Using a Birthing Ball: During Pregnancy, Labor, And Beyond
A birth ball is a standard fitness ball that can be used in pregnancy and postpartum for fitness, alignment, and soothing. The birthing ball is a safe and beneficial non-pharmacological tool that can be used in pregnancy and labor to increase your chances of having a vaginal delivery. Postpartum can be sued for healing, recovery, and infant soothing.
What Are the Benefits of a Birth Ball?
Here are a few potential benefits of using a birthing ball:
- Eases back pain and improves your core strength.
- Stimulates blood flow to the pelvic area and your baby
- Counter-pressure on your perineum and thighs
- Supports your knees and ankles
- Eases labor pain and reduces the duration of labor
- May reduce the anxiety and pain from contractions
- Opens the pelvis and relaxes the attachments and muscles
- Supports an upright position, working with gravity promoting fetal decent
- May align the baby’s position before the birth
*Note if you get dizzy or faint while using the ball, refrain from using it.
Shopping For Your Birth Ball?
I encourage you to look for a birth ball with the following
- The size of the ball depends on your height. When you sit on it, your feet should touch the floor flat-footed.
- If you are less than 5’2” choose a 45 or 55 cm ball
- If you are 5’22-5’6” choose a 55 or 65 cm ball
- If you are over 5’6” choose a 65 or 75 cm ball
- Choose one with an anti-burst feature and an anti-slip finish
- Choose a weighted ball to keep them from rolling around when you get off
- Choose a pressure-tested ball so that you can be sure of its quality
Birthing Ball User Tips
Here are a few tips for first-time users of a birthing ball.
- When filling the ball, leave it slightly underinflated so that it cradles your bottom. With your knees at a 90-degree angle from your hips or slightly higher to avoid back pressure.
- Go barefoot or wear anti-slip shoes. Have someone hold your hand and support you from the back when sitting on the ball for the first time.
- Place your feet firmly on the floor to gain your balance. Place one hand on the ball and slowly lower yourself to sit on the ball.
- Place your hands on the knees and try rocking the pelvis sideways, back and forth, and then do circles in both directions. Once you feel you are comfortable with it, bounce on it a little.
- If you are not comfortable with the rocking or bouncing movements, place a static object nearby for support.
- Breathe normally, control your movements, and stop the activity if you experience any pain.
Using A Birthing Ball in Pregnancy and in Labor
During pregnancy, you can use the birthing ball as a chair alternative when sitting or working. It is much easier to get on and off the ball than it is to sit on a soft sofa or a hard chair. But go slowly if you are not used to it. Starting with a few hours each day and working up to using it to replace your chair. Have fun when sitting- try rocking and bouncing on it which will engage your tummy and back muscles and help the baby to align in the pelvis.
Ways to use the ball:
- When sitting on the ball, sit with feet shoulder-width apart.
- Then rock your pelvis back and forth while sitting on the ball (pelvic tilts). Or get on your knees and rest your upper body on the ball as you do your cat cows.
- Or roll your hips clockwise and anti-clockwise (hula hoops) while sitting on the ball. Even better make a figure 8 with your hips.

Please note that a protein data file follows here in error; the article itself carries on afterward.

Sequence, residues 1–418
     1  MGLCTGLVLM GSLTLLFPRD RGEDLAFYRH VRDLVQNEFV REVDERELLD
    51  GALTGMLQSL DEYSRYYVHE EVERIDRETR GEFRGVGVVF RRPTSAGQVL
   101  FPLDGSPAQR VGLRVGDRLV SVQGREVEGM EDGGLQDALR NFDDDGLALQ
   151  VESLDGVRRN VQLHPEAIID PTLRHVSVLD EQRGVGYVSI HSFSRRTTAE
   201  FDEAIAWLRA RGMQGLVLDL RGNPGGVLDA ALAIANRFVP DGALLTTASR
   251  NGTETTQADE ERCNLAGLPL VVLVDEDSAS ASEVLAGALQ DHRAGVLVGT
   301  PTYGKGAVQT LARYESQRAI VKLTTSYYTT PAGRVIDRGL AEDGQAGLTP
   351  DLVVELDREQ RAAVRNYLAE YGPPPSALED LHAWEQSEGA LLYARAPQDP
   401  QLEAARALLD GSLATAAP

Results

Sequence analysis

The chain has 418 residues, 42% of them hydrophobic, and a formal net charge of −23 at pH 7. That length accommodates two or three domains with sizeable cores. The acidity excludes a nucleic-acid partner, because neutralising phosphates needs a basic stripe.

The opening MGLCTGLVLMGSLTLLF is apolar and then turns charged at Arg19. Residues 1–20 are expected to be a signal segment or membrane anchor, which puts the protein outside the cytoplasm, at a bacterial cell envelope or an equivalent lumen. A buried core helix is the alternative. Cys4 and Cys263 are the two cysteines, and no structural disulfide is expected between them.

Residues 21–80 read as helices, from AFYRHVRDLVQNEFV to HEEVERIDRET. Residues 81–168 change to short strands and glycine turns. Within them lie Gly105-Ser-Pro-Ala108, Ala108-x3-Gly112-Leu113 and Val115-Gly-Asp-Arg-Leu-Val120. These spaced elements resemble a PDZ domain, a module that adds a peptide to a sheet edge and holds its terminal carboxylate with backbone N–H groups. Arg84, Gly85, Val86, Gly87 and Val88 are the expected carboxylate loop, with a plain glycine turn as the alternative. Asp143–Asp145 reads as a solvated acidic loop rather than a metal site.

- Add in a bounce on the ball for counterpressure.
- Get into a kneeling position and then lean over the ball (resting child’s pose). Then move your hips as desired until you relax.
- Place the ball behind your back for wall squats.
- Labor requires a lot of hip and gluteal strength, so training these muscles is important. Add in some glute bridges by sitting on the floor with your upper back against the ball. Push up through both of your feet and lift your hips off the floor towards the ceiling, as high as you can comfortably go without arching your back. Hold for three seconds and slowly lower back down. Repeat.
- Kneeling Ball Rollouts. Start in a high kneeling position with your hands on the ball. Keeping your back straight, roll the ball forward until you can feel your core engaging. Hold for three seconds, then roll the ball back in. Repeat.
- Back and Upper Body Stretch. Kneel on the floor, hinge forward at your hips, and rest your arms on the ball. Gently rock the ball to one side until a stretch is felt. Hold here while breathing into the opposite side of your rib cage for 30 seconds. Repeat on both sides until your muscles release.
- Consider adding a TENS unit. Place the pads on your back and use this modality to further alleviate discomfort as you move on the ball.
Birthing Ball Postpartum
You can use a birth ball postpartum in the following ways:
- You will feel sore for some days after the delivery. Sitting on the ball is more comfortable than sitting on a hard surface.
- Once you get the baby to latch conveniently, you can sit on the ball when breastfeeding. It can be better than slumping on the bed. Or place the ball behind your back when feeding.
- You can also bounce, cuddle, and soothe your crying baby while sitting on the ball. This mimics the moments your child got used to in utero as you walked around. This is especially great for partners!
- Exercising with the ball helps tone up your post-pregnancy body.
- When the baby is ready, they may also like to stretch on the ball, eventually moving to use the ball as a prop as they crawl and then walk.
Exercise and physical fitness are the best ways to improve your chances of a natural delivery. And a birthing ball can offer you that and more. Try it!